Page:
The Nikon Nikkor 135mm f/2.8 Ai was given to me by a good friend.  The glass is in mint condition.  I thought it interesting to see how the scratched pre-Ai version I recently picked up performed by comparison.  Minimally, if scratches impact performance I would expect to see a drop in contrast and perhaps a drop in resolution as well.  Yet, what I see here is that both lenses are equally sharp and behave exactly the same way at all apertures.  Looking at the results I can not honestly tell which lens is scratched and which isn't.  Certainly the "cleaning marks" are light (they're not deep gouges), but to see absolutely no difference in performance?  This is a very interesting "learning" for me.

Lastly, I think the Nikon Nikkor 135mm f/3.5 Ai should become my 135mm "control" lens.  It is the standard by which I could measure all other 135mm lenses.  It is brilliant from wide open straight across the field and at all apertures.  All this "goodness" in a 45 Euro optic is impressive.  There is nothing finer.

Wednesday, February 14, 2018

Comparison ~ 50mm lens out of focus rendition

The Angry Photographer has a lot to say about out of focus rendition (aka: bokeh).  He has a bit to say about the Zeiss Jena DDR Tessar.  And he has a bit to say about the Meyer-Optik Gorlitz Domiplan.

As it turns out, I now have one each super cheap (weighing in at all of 7 Euro each) Tessar and Domiplan.  So... why not take a look at how these lenses compare against my much loved Nikon Nikkors?  Not from a resolution point of view.  I've done that already.  Rather, how about if I took my own look at out of focus rendition?

Setup
  • Shoot the same scene (through double pane glass, since it's so freak'n cold here)
  • Attempt to match the size of the out of focus rendition
  • Convert RAW to JPG using Sony's converter software
Comparison

If you click on the image below it will take you to Flickr where you can look at this in a larger size.  I included the entire scene and a section from that scene.

Out Of Focus Comparisons

Comments

What is surprising to me is how similar most of the lenses are to each other.  What differences there are tend to be rather subtle.

To begin with, I very rarely see a 35mm full frame 50mm lens with out of focus area rendition as smooth as longer focal lengths.  There seems to be a lot if "jittery-ness" or "harshness" in 50mm lenses.  Perhaps this is why some people have gone the opposite direction and are celebrating "bubble bokeh" where the out of focus areas are overcorrected.

Here is what I observe about the lenses I compared, starting from the smoothest, most "buttery" out of focus rendition to the harshest, most "bubble bokeh-y" (gawds! try saying that three times fast).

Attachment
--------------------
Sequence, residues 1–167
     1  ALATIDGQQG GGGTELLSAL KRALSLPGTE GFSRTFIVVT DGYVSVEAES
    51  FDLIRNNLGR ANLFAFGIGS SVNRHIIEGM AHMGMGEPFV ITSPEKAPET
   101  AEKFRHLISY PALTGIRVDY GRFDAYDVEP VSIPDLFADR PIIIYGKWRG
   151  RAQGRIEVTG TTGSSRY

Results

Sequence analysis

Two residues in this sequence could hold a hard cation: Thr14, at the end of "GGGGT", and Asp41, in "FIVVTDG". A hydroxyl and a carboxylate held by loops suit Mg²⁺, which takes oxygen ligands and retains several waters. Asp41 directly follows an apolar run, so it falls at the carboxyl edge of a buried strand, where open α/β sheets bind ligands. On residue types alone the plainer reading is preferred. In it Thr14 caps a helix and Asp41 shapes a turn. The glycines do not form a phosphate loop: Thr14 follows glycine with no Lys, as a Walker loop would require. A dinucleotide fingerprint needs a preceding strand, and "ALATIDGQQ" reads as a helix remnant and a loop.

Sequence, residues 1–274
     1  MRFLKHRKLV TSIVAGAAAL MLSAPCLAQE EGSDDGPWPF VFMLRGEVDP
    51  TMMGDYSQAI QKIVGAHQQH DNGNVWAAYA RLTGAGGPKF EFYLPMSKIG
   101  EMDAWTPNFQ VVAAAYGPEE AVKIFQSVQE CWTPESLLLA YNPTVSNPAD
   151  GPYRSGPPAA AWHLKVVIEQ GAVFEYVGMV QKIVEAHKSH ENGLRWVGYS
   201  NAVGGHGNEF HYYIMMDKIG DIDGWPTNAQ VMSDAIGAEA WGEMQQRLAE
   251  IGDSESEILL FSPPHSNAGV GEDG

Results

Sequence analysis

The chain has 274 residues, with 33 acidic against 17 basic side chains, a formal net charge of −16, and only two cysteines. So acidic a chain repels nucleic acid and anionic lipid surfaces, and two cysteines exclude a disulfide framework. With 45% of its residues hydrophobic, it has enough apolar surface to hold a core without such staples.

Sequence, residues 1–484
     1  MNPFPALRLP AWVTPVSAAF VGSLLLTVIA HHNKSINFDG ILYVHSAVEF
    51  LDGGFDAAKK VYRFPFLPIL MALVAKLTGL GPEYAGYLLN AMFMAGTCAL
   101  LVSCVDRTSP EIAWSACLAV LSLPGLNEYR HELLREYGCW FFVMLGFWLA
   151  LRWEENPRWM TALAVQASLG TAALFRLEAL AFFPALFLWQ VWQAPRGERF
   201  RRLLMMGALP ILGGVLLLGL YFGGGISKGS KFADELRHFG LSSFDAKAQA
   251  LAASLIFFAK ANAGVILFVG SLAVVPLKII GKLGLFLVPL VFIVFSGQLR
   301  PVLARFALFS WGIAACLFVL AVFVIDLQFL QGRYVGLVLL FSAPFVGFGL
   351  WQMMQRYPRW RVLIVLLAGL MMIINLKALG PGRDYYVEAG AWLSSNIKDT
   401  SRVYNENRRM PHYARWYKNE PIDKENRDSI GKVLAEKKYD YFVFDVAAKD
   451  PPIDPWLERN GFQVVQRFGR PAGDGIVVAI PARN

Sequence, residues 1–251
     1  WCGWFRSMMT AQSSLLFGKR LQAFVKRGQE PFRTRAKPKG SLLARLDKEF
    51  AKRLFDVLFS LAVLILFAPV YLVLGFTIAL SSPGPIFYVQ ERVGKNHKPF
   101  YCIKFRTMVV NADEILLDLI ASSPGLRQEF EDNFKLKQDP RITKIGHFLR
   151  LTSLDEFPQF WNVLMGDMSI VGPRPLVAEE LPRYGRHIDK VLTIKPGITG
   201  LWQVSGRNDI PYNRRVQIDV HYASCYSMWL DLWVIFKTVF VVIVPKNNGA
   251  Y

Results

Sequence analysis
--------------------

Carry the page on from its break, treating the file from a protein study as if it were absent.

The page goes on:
• Nikon Micro-Nikkor 55mm f/3.5
  • Nikon Nikkor 50mm f/1.8
  • Nikon Nikkor 50mm f/2 Ai and H
  • Meyer-Optic Gorlitz 50mm f/2.8 Domiplan
  • Zeiss Jena DDR Tessar f/2.8
The Micro-Nikkor is really smooth in it's transition from sharp to out of focus.  The out of focus disks are flat and properly corrected.  It stands pretty much in a league of it's own in this regard.  It's the only 50mm (OK, this one is really 55mm) I've ever seen that can compete with longer focal length lenses in terms of out of focus rendition.  The lens is also sharp from wide open.  A drawback is that the maximum aperture is rather small (f/3.5), which means that the current rage razor thing depth of field is difficult to achieve.

Next comes the 50mm f/1.8 Ai "pancake" Nikkor.  With this lens a photographer can create the kind of razor thing depth of field images that are currently popular.  However, I see some "harshness" starting to creep into the out of focus areas.  I can clearly see a difference between this and the Micro-Nikkor, but I feel it still stands apart from the next two Nikkors, the f/2 Ai and H lenses. 

Beginning with the Nikkor f/2 lenses I feel we've fully entered into the zone of "bubble bokeh." This will make some photographers happy and will drive others nuts.  These two lenses come rather close to matching the Domiplan for their level of harsh "bubble bokeh" rendition.  Though I must say the f/2 Nikkors are ever so slightly less "harsh" than the old German lens.

Finally, the winner in the area of "bubble bokeh" generation is indeed the Zeiss Jena DDR Tessar 50mm f/2.8.  The Angry Photographer seems to have nailed the call on this one.  It gives the harshest and most "bubble-y" rendition of the small stack of lenses I considered here.  Too bad it's rather soft at the focus point.  But that's another matter for another time.